Party Hails Increase in Fund-Raising
By Ceci Connolly
"A sense of urgency has been created to be there with the president and the party," observed Democratic National Committee Chairman Steve Grossman.
In the first two days of the Clinton scandal, contributions to the party fell precipitously, Grossman said. But since then -- spurred in part by first lady Hillary Rodham Clinton's spirited counterattack -- donors have responded enthusiastically to the party's request for money.
"This is powerful validation of what the president and first lady have been up to," Grossman said.
Even before this week's uptick in donations, the party's financial picture had been slowly improving. In a year-end report filed with the Federal Election Commission yesterday, the DNC reported a debt of $9.1 million, down from the staggering $16.9 million debt recorded six months ago.
With Clinton's help, the DNC raised $41.9 million in 1997. The party has $4.1 million in cash on-hand, although just $1.3 million of that can be given directly to candidates.
Democrats still trail far behind the GOP in the money chase. The Republican National Committee raised $47 million and has whittled its debt down to less than $4.3 million.
The Democrats' financial woes stem from questions about the party's past fund-raising activity. A slew of investigations cost the DNC millions of dollars in legal expenses, which it is still struggling to pay. Yesterday's report indicated that the single largest debt was $3.8 million owed to the Debevoise & Plimpton law firm.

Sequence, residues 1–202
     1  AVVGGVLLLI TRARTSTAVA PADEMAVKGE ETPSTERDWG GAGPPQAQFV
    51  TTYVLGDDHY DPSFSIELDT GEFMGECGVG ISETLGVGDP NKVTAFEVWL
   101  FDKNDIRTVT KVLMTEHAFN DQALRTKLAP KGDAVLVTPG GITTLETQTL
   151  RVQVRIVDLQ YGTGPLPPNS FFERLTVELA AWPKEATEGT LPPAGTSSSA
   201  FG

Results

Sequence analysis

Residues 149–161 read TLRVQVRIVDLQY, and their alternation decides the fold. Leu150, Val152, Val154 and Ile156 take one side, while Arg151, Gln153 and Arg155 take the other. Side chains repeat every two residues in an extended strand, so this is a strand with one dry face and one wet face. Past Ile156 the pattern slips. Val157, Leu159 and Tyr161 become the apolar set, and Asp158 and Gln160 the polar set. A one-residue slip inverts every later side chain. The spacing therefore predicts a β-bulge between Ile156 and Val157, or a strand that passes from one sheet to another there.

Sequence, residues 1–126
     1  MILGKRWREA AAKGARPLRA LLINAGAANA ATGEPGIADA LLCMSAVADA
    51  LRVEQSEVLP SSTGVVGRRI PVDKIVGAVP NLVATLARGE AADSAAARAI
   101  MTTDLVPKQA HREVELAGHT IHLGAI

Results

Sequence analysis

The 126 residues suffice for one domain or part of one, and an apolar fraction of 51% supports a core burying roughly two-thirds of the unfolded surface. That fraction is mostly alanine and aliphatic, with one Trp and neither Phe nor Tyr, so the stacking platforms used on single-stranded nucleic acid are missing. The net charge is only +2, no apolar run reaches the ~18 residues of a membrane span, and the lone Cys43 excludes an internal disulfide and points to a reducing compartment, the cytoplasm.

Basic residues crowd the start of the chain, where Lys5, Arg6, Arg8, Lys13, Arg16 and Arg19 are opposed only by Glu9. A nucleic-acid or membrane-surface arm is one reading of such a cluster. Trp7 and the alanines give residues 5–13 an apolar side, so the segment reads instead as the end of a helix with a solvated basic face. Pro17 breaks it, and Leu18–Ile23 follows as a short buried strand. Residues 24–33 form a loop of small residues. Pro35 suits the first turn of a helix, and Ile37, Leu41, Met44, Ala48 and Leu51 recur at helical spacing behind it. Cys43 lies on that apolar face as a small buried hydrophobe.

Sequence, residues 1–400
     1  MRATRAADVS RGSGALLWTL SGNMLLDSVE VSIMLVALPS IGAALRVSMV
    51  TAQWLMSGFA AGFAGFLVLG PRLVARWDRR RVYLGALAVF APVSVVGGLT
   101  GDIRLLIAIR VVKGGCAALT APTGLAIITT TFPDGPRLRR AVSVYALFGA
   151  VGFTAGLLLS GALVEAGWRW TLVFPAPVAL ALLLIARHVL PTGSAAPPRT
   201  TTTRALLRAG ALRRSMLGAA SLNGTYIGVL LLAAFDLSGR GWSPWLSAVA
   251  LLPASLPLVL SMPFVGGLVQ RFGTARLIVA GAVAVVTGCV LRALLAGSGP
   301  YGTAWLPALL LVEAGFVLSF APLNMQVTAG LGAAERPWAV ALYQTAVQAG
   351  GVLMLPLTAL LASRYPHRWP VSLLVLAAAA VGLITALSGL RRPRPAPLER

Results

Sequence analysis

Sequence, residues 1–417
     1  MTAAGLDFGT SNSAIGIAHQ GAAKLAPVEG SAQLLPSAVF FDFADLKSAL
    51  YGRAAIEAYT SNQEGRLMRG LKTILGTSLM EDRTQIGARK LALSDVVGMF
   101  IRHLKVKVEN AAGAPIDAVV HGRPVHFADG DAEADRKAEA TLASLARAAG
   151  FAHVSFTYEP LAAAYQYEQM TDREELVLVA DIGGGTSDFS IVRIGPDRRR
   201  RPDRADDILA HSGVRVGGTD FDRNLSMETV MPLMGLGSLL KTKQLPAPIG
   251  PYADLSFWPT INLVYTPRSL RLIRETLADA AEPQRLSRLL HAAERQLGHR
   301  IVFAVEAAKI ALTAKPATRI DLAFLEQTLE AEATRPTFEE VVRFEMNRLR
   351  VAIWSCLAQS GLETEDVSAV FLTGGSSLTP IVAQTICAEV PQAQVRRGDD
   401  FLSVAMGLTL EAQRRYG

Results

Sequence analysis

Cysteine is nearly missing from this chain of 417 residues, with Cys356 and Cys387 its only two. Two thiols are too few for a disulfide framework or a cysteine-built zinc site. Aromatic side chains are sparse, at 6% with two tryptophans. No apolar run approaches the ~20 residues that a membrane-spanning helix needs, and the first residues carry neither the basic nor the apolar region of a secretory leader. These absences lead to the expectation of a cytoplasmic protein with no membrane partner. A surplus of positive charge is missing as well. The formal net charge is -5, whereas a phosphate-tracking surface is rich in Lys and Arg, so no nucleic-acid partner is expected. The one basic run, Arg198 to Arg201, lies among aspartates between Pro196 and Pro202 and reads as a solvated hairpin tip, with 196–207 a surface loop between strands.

Each January the DNC mounts a donor renewal program asking past supporters to pledge again. Grossman said the average pledge before the Lewinsky scandal was $28; it dropped to $25 a week ago and is now $30.
He said the first lady's television appearances, Clinton's State of the Union address and anger over what he described as an overzealous prosecutor inspired loyal Democrats to rally around their embattled leader.
Republicans said privately that the DNC's donation spurt may reflect the views of its most ardent supporters, rather than the public at large.
But Grossman said not to underestimate the value of an energized base. In off-year elections -- which traditionally have low turnouts -- the base can be determinative, he said.
Beth Dozoretz, a wealthy Georgetown Democrat and reliable fund-raiser, said she decided Thursday to host an event with Clinton at her home next month.
When the Monica Lewinsky story broke, "I felt like I was punched in the stomach," she said. "I felt the president was really hitting his stride . . . to be halted by these type of accusations was very disheartening for me." But Dozoretz said she was encouraged by the response to her fund-raising invitations. "So many people want to show support in whatever way they can," she said.
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